The Space Between Paperback – Sep 13 2012
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About the Author
Brenna Yovanoff's debut novel, The Replacement, was an instant New York Times bestseller. She has an MFA in creative writing from Colorado State University and currently lives in Denver.
Top Customer Reviews
Brenna's writing immediately pulls you in and leaves you in her world. In this case, two worlds, Pandemonium and Earth. I didn't have any trouble keeping myself immersed in the book because her writing is so beautiful. The way she describes characters, locations and emotions is just downright lyrical that I happen to fall in love with her writing style. The pacing to me was slow and fast at times, and I found myself growing a little bored at times. It dragged on too much and even though the novel was more character based then plot driven, I was still intrigued enough to keep reading.
I'm all for the lonely and depressed characters but I was surprised at how dark the thoughts of some of the characters were! Sometimes I am surprised at how an author can evoke such evil thoughts but I guess it's not hard when one can imagine being an evil being since the thought process is completely different from any normal person's thoughts.
Beautifully flawed characters that grew a lot as the story progressed.
Stop and go at times, but incredibly fast paced in the end.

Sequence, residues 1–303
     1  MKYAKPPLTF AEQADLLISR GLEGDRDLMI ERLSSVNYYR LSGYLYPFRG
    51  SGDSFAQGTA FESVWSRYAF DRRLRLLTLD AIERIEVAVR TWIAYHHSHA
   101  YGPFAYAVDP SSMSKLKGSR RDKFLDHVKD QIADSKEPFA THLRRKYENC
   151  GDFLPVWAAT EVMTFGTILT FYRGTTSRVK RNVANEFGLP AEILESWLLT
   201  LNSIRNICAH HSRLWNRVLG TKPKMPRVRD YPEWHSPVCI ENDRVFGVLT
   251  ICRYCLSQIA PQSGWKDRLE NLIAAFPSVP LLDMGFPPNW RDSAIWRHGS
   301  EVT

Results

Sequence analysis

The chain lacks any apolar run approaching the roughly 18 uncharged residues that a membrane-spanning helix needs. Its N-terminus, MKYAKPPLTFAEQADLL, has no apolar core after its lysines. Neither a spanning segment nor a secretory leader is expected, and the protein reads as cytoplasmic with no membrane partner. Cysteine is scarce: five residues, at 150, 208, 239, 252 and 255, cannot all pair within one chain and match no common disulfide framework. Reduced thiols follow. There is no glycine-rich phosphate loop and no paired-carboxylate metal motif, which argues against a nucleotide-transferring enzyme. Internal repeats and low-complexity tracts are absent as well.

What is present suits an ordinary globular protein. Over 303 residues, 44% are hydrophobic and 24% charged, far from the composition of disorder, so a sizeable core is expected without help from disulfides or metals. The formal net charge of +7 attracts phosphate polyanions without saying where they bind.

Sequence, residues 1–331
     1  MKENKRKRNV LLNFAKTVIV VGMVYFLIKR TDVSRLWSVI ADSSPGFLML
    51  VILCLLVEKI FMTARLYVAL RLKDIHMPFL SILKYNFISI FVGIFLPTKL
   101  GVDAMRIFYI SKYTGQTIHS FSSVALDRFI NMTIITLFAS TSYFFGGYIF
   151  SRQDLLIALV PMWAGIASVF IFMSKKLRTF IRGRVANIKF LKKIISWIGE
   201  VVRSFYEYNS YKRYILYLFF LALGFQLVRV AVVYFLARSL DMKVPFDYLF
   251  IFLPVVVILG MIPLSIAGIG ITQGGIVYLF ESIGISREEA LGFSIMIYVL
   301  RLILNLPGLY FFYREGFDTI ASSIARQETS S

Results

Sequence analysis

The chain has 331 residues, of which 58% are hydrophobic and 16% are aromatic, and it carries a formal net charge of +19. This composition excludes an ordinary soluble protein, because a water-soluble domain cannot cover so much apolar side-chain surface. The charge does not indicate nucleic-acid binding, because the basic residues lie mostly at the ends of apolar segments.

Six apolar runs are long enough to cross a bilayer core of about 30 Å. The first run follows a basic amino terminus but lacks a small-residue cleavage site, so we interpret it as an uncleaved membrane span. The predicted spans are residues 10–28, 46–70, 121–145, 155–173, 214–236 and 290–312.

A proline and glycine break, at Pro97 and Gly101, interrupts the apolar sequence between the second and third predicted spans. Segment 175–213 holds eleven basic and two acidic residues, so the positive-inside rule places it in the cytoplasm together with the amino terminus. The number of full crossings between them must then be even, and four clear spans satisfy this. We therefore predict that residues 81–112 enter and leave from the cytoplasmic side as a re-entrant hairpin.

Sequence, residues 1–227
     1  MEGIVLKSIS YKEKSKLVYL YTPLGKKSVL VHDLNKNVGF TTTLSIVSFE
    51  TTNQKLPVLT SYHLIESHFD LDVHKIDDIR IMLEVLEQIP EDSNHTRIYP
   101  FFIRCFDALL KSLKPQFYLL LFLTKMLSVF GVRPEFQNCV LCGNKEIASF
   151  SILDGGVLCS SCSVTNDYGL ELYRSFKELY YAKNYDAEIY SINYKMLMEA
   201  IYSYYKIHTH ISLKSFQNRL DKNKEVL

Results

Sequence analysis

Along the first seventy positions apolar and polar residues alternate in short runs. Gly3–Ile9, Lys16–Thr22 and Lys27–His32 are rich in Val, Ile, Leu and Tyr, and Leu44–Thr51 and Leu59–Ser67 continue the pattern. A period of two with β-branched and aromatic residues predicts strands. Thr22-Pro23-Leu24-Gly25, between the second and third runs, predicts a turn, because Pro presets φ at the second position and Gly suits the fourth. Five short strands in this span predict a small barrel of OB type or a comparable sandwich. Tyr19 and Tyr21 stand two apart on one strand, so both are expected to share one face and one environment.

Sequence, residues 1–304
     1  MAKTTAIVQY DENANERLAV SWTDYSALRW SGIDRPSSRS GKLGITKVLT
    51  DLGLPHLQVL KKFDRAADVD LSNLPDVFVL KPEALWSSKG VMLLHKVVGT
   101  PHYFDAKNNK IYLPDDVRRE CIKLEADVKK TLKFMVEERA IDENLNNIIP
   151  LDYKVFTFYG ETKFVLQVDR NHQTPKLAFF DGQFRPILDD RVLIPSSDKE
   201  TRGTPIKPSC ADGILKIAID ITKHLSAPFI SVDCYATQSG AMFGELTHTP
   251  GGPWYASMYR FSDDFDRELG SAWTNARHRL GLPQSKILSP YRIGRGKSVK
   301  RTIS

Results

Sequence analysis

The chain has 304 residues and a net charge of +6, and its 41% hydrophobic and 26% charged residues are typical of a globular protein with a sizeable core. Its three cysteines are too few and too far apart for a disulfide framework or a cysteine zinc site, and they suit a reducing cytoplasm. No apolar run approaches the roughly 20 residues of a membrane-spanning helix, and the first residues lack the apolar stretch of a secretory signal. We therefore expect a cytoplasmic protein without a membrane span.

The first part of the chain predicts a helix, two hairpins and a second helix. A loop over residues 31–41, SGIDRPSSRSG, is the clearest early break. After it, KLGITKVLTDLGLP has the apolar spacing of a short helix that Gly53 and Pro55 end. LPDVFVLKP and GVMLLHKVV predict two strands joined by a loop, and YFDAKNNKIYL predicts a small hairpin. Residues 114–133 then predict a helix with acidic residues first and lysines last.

<strong>Cover and Book Design</strong>
Beautiful! Most definitely caught my eye. The red infused with steel sets the tone for the book rather nicely. Loving the embossed lettering. Nicely done!Read more ›
What a strange sad and lovely book. I was hesitant to read another story of fallen angels... But I was pleasantly surprised. This is a dark story of life, death, sorrow, love and redemption. All carefully crafted around a neatly constructed story of hell, demons, and the purpose of choices and humanity.
Oh I did not expect this book at all. Nowadays books on the YA genre are becoming less original and more plain, but in some rare moments you get one of these books that surprises you. The prose was good, calculated and direct. The story is told between two angles Daphne's and Truman's who intertwine magnificently. Daphne's life is strange and sad, she is the daughter of Lilith and Lucifer. Her half-brother Obi is missing on earth and she will go there to try to find him. She enlists the help of Truman and discovers much, much more than she imagined.
One of the things that moved me too much was the way we are introduced to Truman's pain and sadness. His suicide attempt is presented without any ribbons or cover-ups. His depression is so raw it kind of made me ache a bit reading his story. I understand this is a reason why many will find this book not as enjoyable, but I savored every bit, always finding strength when things seem lost is one of my personal views in life... Oh yes, a positive note has to be there somewhere.
This is not a book for everyone, but I do recommend it. Specially since it is a rare find these says to have a book that is not part of a series and is a standalone story.